Vaccine-derived poliovirus detected in Burundi and Congo

JOHANNESBURG/LONDON, March 17 (Reuters) – Health officials in Burundi and the Democratic Republic of Congo (DRC) have detected cases of vaccine-derived poliovirus, the World Health Organization and the Global Polio Eradication Initiative.

The WHO said the Burundian government had declared the detection of the virus a national public health emergency, after cases were confirmed in an unvaccinated four-year-old boy in Isale district, western Burundi. , and two other children who were his contacts.

Five other samples from environmental monitoring of wastewater confirmed the presence of circulating poliovirus type 2 in Burundi, the WHO added in a statement.

Circulating poliovirus type 2 is different from wild poliovirus, with infections occurring when a weakened strain of poliovirus contained in the oral polio vaccine circulates among underimmunized populations for long periods of time.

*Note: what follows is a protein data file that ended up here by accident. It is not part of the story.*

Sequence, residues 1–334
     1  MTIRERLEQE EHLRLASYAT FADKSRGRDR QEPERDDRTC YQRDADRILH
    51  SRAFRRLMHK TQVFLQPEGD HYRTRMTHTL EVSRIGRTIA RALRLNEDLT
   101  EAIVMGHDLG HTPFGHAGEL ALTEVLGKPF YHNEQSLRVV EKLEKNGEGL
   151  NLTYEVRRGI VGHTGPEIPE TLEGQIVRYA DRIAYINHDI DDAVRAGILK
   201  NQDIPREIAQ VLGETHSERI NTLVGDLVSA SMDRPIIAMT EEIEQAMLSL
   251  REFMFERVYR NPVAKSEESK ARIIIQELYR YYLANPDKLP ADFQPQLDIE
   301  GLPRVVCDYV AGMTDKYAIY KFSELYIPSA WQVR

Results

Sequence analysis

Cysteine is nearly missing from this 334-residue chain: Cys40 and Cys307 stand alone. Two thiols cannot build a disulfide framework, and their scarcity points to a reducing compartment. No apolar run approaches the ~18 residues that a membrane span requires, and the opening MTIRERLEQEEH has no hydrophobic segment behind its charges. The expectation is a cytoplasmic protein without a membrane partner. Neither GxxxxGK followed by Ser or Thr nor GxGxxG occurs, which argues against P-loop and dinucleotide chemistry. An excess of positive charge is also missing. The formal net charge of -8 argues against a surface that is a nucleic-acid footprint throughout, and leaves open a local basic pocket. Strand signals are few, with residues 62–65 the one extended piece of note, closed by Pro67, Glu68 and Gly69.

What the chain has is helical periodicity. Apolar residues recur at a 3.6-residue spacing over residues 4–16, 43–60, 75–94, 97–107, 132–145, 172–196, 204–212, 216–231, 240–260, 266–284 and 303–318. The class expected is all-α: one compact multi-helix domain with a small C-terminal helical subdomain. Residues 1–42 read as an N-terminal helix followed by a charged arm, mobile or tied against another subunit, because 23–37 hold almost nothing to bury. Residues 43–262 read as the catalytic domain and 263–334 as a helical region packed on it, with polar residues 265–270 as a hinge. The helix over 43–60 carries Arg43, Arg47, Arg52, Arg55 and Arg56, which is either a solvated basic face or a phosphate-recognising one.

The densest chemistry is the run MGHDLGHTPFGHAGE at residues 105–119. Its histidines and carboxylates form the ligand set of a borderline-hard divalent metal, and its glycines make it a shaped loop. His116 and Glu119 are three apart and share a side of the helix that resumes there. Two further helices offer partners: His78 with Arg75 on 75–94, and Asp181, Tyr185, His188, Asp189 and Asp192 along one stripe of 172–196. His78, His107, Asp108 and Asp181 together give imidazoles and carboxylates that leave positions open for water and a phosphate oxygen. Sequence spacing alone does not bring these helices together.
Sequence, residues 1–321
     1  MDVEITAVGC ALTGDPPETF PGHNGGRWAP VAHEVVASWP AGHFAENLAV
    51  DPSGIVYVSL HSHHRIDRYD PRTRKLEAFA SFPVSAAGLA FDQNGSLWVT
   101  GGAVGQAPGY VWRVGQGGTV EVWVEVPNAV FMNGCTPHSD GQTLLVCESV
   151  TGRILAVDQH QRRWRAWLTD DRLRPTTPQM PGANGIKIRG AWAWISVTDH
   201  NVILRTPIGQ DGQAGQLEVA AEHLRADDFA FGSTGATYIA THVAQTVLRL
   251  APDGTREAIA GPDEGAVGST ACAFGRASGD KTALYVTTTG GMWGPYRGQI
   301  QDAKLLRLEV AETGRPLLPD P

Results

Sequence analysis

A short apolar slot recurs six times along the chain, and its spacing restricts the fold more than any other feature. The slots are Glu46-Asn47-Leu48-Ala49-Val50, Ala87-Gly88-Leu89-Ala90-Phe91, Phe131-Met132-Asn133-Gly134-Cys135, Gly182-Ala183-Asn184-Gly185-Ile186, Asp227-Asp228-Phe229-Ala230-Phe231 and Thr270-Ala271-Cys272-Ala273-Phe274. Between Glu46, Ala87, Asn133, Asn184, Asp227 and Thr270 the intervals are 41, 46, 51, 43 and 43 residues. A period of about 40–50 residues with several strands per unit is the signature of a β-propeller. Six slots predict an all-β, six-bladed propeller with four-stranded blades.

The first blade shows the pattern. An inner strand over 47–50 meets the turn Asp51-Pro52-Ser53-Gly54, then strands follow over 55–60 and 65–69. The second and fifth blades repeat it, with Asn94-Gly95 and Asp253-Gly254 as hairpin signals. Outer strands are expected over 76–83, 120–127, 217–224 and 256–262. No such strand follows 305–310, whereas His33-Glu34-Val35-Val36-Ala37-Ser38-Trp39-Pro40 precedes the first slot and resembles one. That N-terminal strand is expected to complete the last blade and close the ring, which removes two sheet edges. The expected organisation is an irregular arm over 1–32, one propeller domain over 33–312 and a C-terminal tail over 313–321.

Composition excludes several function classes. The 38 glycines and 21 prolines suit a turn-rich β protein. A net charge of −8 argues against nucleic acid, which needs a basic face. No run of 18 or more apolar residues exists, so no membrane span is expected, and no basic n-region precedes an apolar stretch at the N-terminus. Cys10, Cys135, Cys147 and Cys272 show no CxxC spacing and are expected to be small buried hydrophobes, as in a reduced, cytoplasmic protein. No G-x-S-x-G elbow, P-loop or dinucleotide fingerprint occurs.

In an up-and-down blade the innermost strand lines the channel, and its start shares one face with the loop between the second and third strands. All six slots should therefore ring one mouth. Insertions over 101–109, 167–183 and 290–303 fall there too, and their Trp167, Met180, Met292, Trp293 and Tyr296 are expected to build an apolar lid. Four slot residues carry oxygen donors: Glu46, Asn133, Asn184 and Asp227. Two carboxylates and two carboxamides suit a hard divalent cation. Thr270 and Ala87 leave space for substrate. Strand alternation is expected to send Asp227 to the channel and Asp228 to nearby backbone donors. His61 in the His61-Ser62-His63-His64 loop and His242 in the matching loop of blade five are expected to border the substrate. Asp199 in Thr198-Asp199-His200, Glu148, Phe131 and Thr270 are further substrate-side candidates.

The detections are important because they are the first linked to the use of a new vaccine, the new type 2 oral polio vaccine (nOPV2), which was developed specifically to reduce this risk.

The Global Polio Eradication Initiative (GPEI) said in a statement that circulating vaccine-derived poliovirus type 2 has been found in six children in the eastern Tanganyika and South Kivu provinces of the DRC. .

Burundi plans to conduct a polio vaccination campaign in the coming weeks for all eligible children under the age of 7 with the help of WHO and GPEI, WHO said.

“While the detection of these outbreaks is a tragedy for the family and communities affected, it is not unexpected with wider use of the vaccine,” said the GPEI, a partnership made up of WHO, the Bill & Melinda Gates Foundation and other global health organizations. body.

He said 600 million doses of the new vaccine had been administered in 28 countries since March 2021, and reaffirmed that the vaccine was safe and effective.

The DRC has planned a vaccination campaign for April, GPEI said.

Reporting by Bhargav Acharya in Johannesburg and Jennifer Rigby in London; Editing by Alexander Winning and Alex Richardson

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